Maybe. But in my opinionated view, I tend to believe that black people know white people better than white people know black people. Why? Because for 400 years Blacks have had to operate at a disadvantage when interacting with Whites, and in order to cope with the entitlement and assumption of superiority that white people don’t even realize they have, Blacks have had to figure out the white psyche, and come up with ways to manipulate it. Hence our double consciousness. White people, however, are in many way clueless when it comes to scoping out Blacks. So, yes, when it comes to fiction, the story transcends the ethnicity. But when it comes to portraying characters of another race, black authors have the edge.

As for the Alex Cross character in James Patterson books, I haven’t read all of the entries in this series but I was never completely impressed with the handling of him. The aim came across as a token gesture in its attempt to cast Alex as a guy whose race was incidental. Doing this, however, requires no writing skill and does nothing but rob Cross of his uniqueness.

#39 jvr

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Posted 04 February 2012 - 07:40 PM

Wow. I haven't checked in on this board in a while (since posting the note on the price change for the printed version), and I just now got caught up in all the latest comments.

writergirl870 said lots of interesting and thought provoking things. One question she asks, and it's been asked by others on this board: "So why ask now what black ppl think?" What is my true motive? Is it a "marketing strategy"?

Well, it's not simple. First, I did truly wonder what people, especially African-Americans, would think about this question. All during the years I worked on this and since, I asked myself whether I was doing something wrong, or at least inapprorpriate. I had a Native-American woman tell me in a writing class that I shouldn't be writing about Native-Americans and Wounded Knee. Ultimately, I plunged ahead because I loved the characters and the story, and I wanted to tell it. But it does occur to me that maybe one of my motives for posting this question was that I was seeking some sort of absolution. I think we can all agree I didn't get it.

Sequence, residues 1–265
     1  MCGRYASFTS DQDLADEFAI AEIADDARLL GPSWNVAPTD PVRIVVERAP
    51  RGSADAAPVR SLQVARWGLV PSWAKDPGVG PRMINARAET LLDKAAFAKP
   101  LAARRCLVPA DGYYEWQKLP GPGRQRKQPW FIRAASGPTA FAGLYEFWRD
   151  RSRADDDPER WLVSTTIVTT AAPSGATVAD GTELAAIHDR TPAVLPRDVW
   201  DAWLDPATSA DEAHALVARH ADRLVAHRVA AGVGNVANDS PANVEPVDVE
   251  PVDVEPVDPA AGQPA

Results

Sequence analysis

Money is not a motive. I've made that point before. I make no real profit on this book. Any minimal royalties that come from Amazon do not begin to cover the on-going costs (mainly modest advertising).

But there is a related motive. In retrospect, I think I should have been more straight-forward about this. I want readers. By posting my provocative question, I did hope to stir up this kind of discussion, and maybe this would lead to more readers. So that's a question for you: Have any of you read Braver Deeds in its entirety? What do you think of the full story?

mzmina, thank you for your comments about the story. I think you only read chapter one, right? Yes, I agree that in some ways Sammy steals the show, but that's fine. (Sammy is Matt's horse.) Ultimately Sammy's role is to help us to understand the main protagonist, Matt. I think when we read a novel, what we really care about are the relationships, and Matt's relationship with Sammy is provides much of the heart of Braver Deeds. I hope.

I checked out your website and it looks great. I should have used the cover designer you used for your books.

FYI, I finally put up a Braver Deeds facebook page: http://facebook.com/braverdeeds
Author of Braver Deeds, a historical novel about Buffalo Soldiers, http://braverdeeds.com

#40 jvr

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Posted 05 February 2012 - 04:15 PM

What to read Braver Deeds for free?

If you own a Kindle and have an Amazon Prime account, the Kindle version is currently available for free as part of Amazon's Kindle Owners' Lending Library. Just go to Braver DeedsKindle edition to check whether you qualify.

Don't own a Kindle or have a Prime account? You can still read the entire book for just $0.99 on any smart phone, tablet or computer by installing a free Kindle application from Amazon, available at: Free Reading Apps.

Finally, you can read the Kindle version on your computer by online using the Kindle Cloud Reader.

In these cases, of course, you do have to pay the $0.99.

I hope this is helpful.
Author of Braver Deeds, a historical novel about Buffalo Soldiers, http://braverdeeds.com